Good food doesn’t need to be fancy or expensive–in fact, over the years I’ve learned that sometimes the simplest meals are the best. Take, for instance, this Spinach Chicken Parmesan Pasta. Literally just a handful of ingredients come together in a superbly flavored dish. Plus, you’ve got at least three food groups going on here–there’s whole grain pasta, chicken for protein, spinach for your veggie… add a glass of milk, and you’ve got just about everything a body needs. Best of all, you probably have most, if not all, of the ingredients on hand. All together, the ingredients cost less than $10, and this will easily feed four, with a little leftover for your lunch the next day.
The fact is, we may not give it much thought, but finding recipes that can fit a tight budget is critical to lots of folks. There are far more people who cannot afford to put food on the table than we care to admit. But the numbers are staggering. That’s why I, along with more than 200 other bloggers, decided to donate a post today to The Giving Table’s Food Bloggers Against Hunger cause. After watching A Place at the Table, it became obvious how much awareness needs to be raised. Sure, the media enjoys a good story about someone abusing the system, but that doesn’t represent the majority who are using SNAP to supplement their food budget–they’re simply trying to get by.
What truly surprised me is that access to good, wholesome foods is out of reach, both physically and price-wise, for so many. We have the lion’s share of farm subsidies going to those producing processed foods (as opposed to fresh produce). And at the other end of the spectrum, we have consumers who have virtually no access to healthy food choices. It’s a multi-faceted problem with no easy solution, but one thing is clear–imminent cutbacks to SNAP will only make matters worse for those who rely on it, especially children and the elderly.
Can one person really make a difference? Well, yes, and the inspiration comes from the daughter of a dear friend, who simply wanted to know why the (homeless) people she saw looked so sad. After her folks explained, Phoebe, who was all of five at the time, realized there was something she could do–rather than keeping the cash from all the cans they turned in each week, what if they donate that money to the local food bank?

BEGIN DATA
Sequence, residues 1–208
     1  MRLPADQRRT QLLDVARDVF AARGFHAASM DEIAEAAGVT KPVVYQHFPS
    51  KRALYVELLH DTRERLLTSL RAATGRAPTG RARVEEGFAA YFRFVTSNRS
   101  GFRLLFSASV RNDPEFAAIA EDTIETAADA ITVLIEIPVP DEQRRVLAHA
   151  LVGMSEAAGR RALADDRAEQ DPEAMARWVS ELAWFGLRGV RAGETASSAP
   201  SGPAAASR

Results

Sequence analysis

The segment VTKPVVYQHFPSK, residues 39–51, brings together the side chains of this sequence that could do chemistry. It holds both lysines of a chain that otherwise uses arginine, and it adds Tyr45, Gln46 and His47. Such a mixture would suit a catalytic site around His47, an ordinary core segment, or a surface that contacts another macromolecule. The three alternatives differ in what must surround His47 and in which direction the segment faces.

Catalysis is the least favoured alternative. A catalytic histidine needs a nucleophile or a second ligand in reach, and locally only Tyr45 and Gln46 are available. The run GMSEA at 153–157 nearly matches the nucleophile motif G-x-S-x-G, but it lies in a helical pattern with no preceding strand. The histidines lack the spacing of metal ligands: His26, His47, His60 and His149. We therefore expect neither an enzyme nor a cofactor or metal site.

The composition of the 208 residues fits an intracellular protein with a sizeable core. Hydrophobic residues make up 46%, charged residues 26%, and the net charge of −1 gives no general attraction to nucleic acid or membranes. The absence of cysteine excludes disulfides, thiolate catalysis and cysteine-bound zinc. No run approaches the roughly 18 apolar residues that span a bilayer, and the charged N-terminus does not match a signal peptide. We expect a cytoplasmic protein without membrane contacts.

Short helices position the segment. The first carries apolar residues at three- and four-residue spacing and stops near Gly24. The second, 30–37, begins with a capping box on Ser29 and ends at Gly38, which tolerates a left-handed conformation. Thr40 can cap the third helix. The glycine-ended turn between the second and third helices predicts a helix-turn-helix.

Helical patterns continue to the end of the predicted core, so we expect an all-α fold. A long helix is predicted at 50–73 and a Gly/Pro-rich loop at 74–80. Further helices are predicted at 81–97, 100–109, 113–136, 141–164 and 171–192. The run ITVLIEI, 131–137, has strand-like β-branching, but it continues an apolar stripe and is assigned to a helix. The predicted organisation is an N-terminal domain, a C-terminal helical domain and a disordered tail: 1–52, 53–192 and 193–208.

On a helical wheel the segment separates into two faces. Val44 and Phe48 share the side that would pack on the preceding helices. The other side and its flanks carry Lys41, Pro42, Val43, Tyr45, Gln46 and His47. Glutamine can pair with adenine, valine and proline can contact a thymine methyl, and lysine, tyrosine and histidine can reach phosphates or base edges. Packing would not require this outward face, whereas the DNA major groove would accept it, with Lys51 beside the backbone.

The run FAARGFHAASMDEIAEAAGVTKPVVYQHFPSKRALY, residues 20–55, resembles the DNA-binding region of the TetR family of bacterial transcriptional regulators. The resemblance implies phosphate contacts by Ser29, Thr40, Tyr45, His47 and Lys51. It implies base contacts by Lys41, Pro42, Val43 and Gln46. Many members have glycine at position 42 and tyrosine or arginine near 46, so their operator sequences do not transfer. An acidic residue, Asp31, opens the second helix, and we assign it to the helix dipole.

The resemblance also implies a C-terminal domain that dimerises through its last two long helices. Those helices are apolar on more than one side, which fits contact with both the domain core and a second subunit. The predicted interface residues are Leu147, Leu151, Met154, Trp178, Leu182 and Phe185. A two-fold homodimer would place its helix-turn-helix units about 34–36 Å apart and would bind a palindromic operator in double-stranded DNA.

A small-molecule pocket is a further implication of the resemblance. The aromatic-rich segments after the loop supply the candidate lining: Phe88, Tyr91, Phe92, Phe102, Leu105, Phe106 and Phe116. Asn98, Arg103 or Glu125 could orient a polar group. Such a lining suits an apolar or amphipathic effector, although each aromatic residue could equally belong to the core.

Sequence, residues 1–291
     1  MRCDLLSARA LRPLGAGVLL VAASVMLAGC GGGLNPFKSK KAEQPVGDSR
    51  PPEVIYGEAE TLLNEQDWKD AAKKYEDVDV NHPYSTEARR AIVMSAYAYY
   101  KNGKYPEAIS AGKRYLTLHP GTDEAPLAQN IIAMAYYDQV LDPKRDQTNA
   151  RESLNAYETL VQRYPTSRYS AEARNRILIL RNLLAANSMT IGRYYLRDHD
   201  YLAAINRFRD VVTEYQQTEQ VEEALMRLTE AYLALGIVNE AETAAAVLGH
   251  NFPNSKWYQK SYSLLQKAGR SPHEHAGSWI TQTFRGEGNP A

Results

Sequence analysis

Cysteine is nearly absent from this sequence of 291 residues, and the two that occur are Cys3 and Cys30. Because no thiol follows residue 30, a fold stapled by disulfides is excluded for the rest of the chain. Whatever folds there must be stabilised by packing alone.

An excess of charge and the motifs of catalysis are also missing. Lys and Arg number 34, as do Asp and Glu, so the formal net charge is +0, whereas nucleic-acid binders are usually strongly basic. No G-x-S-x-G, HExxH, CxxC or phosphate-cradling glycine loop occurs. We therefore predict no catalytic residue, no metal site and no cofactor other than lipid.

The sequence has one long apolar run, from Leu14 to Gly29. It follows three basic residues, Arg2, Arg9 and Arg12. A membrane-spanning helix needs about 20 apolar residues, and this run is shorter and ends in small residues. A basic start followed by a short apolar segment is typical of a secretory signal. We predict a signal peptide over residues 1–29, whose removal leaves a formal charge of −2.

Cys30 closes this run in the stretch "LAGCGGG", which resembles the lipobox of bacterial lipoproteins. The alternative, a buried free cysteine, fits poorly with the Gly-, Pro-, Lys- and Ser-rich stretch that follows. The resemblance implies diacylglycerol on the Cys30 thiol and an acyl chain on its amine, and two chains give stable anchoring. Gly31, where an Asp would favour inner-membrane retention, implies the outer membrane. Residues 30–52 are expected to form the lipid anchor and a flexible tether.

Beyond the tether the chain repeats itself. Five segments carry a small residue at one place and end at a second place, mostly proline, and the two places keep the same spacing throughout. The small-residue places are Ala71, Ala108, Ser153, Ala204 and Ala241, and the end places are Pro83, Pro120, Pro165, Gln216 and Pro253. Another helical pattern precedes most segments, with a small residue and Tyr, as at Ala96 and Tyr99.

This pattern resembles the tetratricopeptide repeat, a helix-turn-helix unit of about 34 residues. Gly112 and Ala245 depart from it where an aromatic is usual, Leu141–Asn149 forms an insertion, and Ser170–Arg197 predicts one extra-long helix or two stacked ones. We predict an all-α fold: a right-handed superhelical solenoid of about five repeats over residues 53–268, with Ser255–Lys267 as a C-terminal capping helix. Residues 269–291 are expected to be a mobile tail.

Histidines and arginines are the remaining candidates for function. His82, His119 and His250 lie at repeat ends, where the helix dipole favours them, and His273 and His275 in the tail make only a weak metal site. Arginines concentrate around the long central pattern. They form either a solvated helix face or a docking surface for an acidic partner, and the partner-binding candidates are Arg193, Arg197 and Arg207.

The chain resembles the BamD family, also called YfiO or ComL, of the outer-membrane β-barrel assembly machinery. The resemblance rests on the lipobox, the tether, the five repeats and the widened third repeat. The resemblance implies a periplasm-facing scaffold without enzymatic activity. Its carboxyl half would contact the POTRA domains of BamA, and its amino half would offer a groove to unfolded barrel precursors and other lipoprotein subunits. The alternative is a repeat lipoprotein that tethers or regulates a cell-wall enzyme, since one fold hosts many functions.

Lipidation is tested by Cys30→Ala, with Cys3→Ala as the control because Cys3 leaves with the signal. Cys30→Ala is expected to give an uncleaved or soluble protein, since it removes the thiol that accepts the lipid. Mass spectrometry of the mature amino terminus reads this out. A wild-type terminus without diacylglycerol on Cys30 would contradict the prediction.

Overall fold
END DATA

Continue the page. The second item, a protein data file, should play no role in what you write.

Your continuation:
She approached her pre-school teacher about her idea to raise $1,000 with recycled cans and bottles, and while the goal seemed somewhat out of reach at the time, her teacher helped her coordinate the can drive. Even at this young age, Phoebe knew that five cents here and ten cents there can add up. And it did. As word got out, cans along with monetary donations started coming in, and by the end of two months, she had raised nearly $4,000 for the food bank, enough to feed about 18,000 people.
But her story doesn’t end there. In fact, news about Phoebe’s project went viral, and donations started pouring in from all over … more than $20,000, in all, enough to feed 90,000 people. Ultimately, Tyson Foods recognized Phoebe as a “Tyson Hunger All-Star,” and it donated 15 tons of chicken to our local food bank.
If one precocious five year old can have that much of an impact, imagine what we can accomplish together. You can read more about Phoebe’s amazing story here: http://www.huffingtonpost.com/toan-lam/phoebe-russel-six-year-ol_b_506313.html
So, what can you do? Well, one simple place to start is to fill out this online form asking your local congressman to prioritize funding to the SNAP program and anti-hunger legislation.
Contact your local food bank to find out how you can help, whether it’s by donating food or volunteering your time. As Phoebe has shown, every little bit counts.
Now, let’s get cooking.
Slice the onions and crush the garlic, then set aside.
Cut the chicken into bite-sized pieces, then sautÃ© in the butter over medium-high heat until the chicken starts to brown.
Stir in the onions and garlic, then cover and cook for about 5 minutes. Then add in the spinach, salt and basil, cover and simmer for an additional 15 minutes. Meanwhile, cook the pasta, drain and toss with the remaining crushed clove of garlic.
Sprinkle the Parmesan cheese over the chicken/spinach mixture, cover and let simmer a few more minutes until the cheese is all melty.
Toss in the pasta, and serve immediately.
- 1 medium onion
- 3 cloves garlic
- 2 lbs boneless, skinless chicken thighs
- ¼ cup butter or margarine
- 12 oz frozen chopped spinach
- 1 tsp dried basil leaves
- 8 oz whole grain pasta
- ¼ cup grated Parmesan cheese
- Peel the onion, cut in half, and thinly slice, set aside. Crush 2 of the garlic cloves, set aside.
- Cut the chicken into bite sized pieces. Then, in a large skillet, melt the butter over moderately high heat. Add the chicken, and saute until the chicken starts to brown. Add the onion and garlic, then reduce heat, cover and cook for 5 minutes.
- Uncover the skillet, and add the frozen spinach, along with ½ teaspoon of salt and the basil. Cover and simmer 15 minutes longer, stirring once in a while.
- Meanwhile, get the pasta going. Bring 4 quarts of water along with about 1½ teaspoons of salt to a boil. Add in the pasta, and cook for the recommended time on the package, stirring occasionally. Drain thoroughly, then toss with the remaining clove of crushed garlic.
- When the timer on the chicken goes off, remove the lid, mix everything thoroughly. Sprinkle the ¼ cup Parmesan cheese on top, cover and simmer about 5 more minutes or until chicken is done.
- Toss in the pasta until well coated. Serve immediately with additional Parmesan cheese for garnish.
Take a moment to visit other participating bloggers and see what they cooked up: